Sexual Recovery Blog

Mental Health Guide for 4th of July

Posted by Andrew Huber on

 

Holidays are a time of frivolity and fun.  Perhaps none are quite like the Fourth of July where the warmth of the summer sun and backyard BBQ combine.  By continually celebrating our independence, we keep those history lessons in mind and want to continue the freedom that the founders of the United States sought.  Yet for some, holidays often bring additional hardships.  Many people are bombarded by unpleasant thoughts whether from an addiction or from self-doubt. 

For those who struggle with the Fourth of July, having a game plan can help.  Plan out beforehand what issues you might come into contact with during the day.  For example, if you are trying to stay away from alcohol, plan on getting a different beverage at the beginning of the party and keep that full.  If you struggle with a sexual addiction, perhaps deciding on locations of the party that might be easier for you to enjoy rather than the poolside or some place that is a struggle.  If you have a family where certain members are more toxic than others, plan ways to interact (or not interact) with them that are less of an issue.  Any of these ideas might mean joining a different group altogether.  Above all, have a predetermined ending time so that you can leave the party at a time that is good for you rather than staying and risking your mental health independence.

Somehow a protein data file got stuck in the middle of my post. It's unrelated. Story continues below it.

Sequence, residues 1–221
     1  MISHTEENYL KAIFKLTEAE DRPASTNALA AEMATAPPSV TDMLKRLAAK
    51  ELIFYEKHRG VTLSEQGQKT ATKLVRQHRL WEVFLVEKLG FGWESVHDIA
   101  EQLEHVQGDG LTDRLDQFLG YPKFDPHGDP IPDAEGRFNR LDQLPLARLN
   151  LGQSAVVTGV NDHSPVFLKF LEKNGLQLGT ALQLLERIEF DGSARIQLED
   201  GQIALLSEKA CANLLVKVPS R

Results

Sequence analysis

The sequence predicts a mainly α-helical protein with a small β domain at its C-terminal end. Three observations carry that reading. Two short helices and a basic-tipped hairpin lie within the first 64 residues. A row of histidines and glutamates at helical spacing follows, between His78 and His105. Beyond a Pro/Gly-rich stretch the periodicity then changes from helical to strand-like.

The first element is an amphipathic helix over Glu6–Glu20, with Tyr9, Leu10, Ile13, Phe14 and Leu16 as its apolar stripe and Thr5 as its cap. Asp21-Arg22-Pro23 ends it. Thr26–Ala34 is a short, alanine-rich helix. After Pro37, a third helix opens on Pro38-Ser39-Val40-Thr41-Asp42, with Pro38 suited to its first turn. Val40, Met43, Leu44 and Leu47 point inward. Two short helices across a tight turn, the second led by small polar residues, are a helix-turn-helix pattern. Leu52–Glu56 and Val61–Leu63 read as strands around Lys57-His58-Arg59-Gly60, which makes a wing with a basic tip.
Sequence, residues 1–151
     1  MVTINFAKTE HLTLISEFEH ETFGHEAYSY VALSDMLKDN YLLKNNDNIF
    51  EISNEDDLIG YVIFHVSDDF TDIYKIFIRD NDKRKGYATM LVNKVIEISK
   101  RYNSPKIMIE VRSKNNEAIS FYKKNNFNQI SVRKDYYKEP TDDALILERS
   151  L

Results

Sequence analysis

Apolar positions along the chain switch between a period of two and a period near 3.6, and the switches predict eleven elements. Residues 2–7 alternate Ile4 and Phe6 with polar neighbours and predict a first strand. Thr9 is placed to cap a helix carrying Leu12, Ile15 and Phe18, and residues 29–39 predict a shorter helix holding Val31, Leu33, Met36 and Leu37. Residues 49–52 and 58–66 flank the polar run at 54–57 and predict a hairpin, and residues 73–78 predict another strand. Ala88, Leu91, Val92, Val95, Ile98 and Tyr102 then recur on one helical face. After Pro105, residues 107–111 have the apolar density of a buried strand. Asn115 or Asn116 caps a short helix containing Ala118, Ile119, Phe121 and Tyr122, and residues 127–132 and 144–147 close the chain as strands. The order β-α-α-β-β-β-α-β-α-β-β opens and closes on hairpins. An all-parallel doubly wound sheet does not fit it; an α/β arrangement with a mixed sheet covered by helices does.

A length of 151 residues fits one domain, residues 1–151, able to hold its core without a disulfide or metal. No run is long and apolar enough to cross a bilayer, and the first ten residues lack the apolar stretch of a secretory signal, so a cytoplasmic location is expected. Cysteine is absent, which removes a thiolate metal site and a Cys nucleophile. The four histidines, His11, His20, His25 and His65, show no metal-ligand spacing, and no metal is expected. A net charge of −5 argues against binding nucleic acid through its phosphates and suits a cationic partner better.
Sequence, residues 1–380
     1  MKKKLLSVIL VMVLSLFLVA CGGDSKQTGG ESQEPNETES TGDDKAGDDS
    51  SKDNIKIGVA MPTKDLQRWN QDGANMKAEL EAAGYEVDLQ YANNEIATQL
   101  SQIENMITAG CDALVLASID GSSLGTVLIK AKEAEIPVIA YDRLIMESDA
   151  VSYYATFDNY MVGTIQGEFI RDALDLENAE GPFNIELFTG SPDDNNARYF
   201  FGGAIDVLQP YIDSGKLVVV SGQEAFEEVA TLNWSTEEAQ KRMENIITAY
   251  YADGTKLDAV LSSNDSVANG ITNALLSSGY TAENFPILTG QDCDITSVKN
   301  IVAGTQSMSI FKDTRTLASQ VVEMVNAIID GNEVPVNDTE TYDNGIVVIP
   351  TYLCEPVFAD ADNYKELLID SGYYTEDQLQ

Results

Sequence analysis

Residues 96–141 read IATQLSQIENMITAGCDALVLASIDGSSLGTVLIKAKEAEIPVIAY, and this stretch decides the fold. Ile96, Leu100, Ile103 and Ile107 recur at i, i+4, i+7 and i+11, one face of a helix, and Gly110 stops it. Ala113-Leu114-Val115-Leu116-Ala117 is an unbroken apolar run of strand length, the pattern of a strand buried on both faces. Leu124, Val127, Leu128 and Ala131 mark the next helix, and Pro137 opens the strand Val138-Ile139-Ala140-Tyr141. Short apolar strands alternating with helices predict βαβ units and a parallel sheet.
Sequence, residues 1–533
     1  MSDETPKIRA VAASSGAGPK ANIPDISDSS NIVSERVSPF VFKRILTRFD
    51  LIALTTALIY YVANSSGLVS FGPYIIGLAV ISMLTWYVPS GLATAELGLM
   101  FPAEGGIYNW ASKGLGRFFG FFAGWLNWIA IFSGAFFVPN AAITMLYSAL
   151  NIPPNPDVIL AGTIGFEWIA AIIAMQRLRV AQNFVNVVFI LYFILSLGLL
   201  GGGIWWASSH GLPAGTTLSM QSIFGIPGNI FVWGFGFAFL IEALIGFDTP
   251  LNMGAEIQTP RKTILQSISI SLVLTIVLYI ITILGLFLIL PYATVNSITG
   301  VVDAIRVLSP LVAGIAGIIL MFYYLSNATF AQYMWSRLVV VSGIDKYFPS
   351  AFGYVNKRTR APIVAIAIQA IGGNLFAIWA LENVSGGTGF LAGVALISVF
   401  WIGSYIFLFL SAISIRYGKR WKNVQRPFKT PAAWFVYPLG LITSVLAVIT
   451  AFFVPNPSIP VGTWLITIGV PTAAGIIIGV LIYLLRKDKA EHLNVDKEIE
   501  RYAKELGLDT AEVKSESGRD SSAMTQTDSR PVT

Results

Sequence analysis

Certainly, the Fourth of July holiday celebrates the independence that those in the Unites States have but it makes a great time to think about your own personal independence.  Maybe you have gone through many battles with addictions and are finally achieving victory.  Maybe you want to get to that point with your sexual addiction or pain killer addiction.  Perhaps you have recently gained your independence from a relationship, whether a toxic romantic relationship or even a difficult, abusive, coworker.  Maybe you are celebrating financial independence or the launch of a kid to college.  I know many of our clients might celebrate relief from depression or other debilitating mental conditions.  There are many types of independence to celebrate and doing so can help you maintain that independence for the years to come.

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